- 'Yellow Berry' is a selection with yellow fruit; it is hardy in USDA zones 5 to 9.
Chinese Holly (Ilex cornuta)
Similar to the American species in appearance but smaller, Chinese hollies are generally in the 10 to 20 foot range and are often used as a fast-growing screen. Both cultivars are hardy in USDA zones 7 through 9.
- 'Burford' grows to 15 feet tall and 10 feet wide and is one of the few hollies available that does no need cross-pollination.
- 'Needle Point' is similar but has slender leaves with a single point at the tip.
Japanese Holly (Ilex crenata)
Japanese holly cultivars are among the smallest available, typically growing to 10 feet or less. They also lack the spines and red berries that are associated with other hollies, instead bearing small black fruit and oval, thornless leaves less than an inch in length. The following are used as low hedges and foundation plants.
- 'Heitzi' is a dwarf form, growing just two to three feet tall and wide. It's hardy in USDA zones 5 to 8.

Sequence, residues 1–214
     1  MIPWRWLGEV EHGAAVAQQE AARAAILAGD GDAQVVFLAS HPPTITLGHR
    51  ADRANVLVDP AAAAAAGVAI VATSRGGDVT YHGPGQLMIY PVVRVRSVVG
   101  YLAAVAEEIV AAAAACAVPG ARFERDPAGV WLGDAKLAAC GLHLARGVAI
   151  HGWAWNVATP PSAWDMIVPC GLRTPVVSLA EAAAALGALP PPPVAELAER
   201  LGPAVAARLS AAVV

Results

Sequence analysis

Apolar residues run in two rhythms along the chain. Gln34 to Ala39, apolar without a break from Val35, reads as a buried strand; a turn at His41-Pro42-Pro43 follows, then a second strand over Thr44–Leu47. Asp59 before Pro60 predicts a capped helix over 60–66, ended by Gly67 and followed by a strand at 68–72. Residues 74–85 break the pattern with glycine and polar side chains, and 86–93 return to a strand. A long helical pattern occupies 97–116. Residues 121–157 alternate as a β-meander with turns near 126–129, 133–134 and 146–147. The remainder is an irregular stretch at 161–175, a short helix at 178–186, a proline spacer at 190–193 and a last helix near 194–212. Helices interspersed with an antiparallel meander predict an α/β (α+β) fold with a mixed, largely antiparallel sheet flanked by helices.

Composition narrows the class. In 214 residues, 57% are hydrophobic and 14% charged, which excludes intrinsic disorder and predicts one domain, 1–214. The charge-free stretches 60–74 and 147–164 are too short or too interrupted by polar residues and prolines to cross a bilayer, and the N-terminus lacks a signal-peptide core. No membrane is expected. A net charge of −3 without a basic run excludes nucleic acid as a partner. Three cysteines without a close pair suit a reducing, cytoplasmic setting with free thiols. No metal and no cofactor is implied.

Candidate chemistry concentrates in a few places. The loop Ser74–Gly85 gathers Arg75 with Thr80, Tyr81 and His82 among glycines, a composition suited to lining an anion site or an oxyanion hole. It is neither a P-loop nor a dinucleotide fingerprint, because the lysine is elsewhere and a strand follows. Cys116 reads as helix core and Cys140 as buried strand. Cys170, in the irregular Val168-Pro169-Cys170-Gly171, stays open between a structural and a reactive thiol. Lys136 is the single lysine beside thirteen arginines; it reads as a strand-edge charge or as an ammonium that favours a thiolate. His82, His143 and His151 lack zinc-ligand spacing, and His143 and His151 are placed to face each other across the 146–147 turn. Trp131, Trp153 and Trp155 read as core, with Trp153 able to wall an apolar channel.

- 'Sky Pencil' is a columnar variety, growing two to three feet wide and 10 feet tall and is hardy in USDA zones 5 to 9.
Yaupon Holly (Ilex vomitoria)
This variety also has small oval-shaped, thornless leaves and is native to coastal areas of eastern North America. It is the only type of holly that is tolerant of poorly drained soils. In the wild, yaupon holly grows as a shrub 10 feet tall and wide, but the size and growth habit of its landscaping cultivars varies considerably. Both hollies are hardy in USDA zones 7 to 10.
- 'Nana' grows three feet tall and spreads at least twice as wide.
- 'Pendula' is weeping variety growing 15 tall and six feet wide.
There are several holly species that lose their leaves in winter. The following cultivars, hardy in USDA zones 4 to 8, are among those most commonly used in landscaping.
- 'Sparkleberry' grows eight to 10 feet tall and wide with thornless leaves and tons of red berries that hang on the branches all winter.
- 'Red Sprite' is similar but grows to just three feet tall and wide.